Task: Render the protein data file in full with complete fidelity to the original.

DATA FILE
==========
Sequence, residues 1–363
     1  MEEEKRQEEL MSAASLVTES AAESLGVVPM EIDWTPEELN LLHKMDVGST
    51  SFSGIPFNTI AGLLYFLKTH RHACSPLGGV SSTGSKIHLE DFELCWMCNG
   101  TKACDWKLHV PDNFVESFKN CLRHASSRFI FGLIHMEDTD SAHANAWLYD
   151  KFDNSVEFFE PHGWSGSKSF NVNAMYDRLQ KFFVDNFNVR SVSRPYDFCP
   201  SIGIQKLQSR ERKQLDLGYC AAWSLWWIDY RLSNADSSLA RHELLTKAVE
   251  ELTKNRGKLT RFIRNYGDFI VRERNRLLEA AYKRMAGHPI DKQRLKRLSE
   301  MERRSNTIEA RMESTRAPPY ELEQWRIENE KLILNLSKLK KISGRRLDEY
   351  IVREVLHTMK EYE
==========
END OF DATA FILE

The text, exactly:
Sequence, residues 1–363
     1  MEEEKRQEEL MSAASLVTES AAESLGVVPM EIDWTPEELN LLHKMDVGST
    51  SFSGIPFNTI AGLLYFLKTH RHACSPLGGV SSTGSKIHLE DFELCWMCNG
   101  TKACDWKLHV PDNFVESFKN CLRHASSRFI FGLIHMEDTD SAHANAWLYD
   151  KFDNSVEFFE PHGWSGSKSF NVNAMYDRLQ KFFVDNFNVR SVSRPYDFCP
   201  SIGIQKLQSR ERKQLDLGYC AAWSLWWIDY RLSNADSSLA RHELLTKAVE
   251  ELTKNRGKLT RFIRNYGDFI VRERNRLLEA AYKRMAGHPI DKQRLKRLSE
   301  MERRSNTIEA RMESTRAPPY ELEQWRIENE KLILNLSKLK KISGRRLDEY
   351  IVREVLHTMK EYE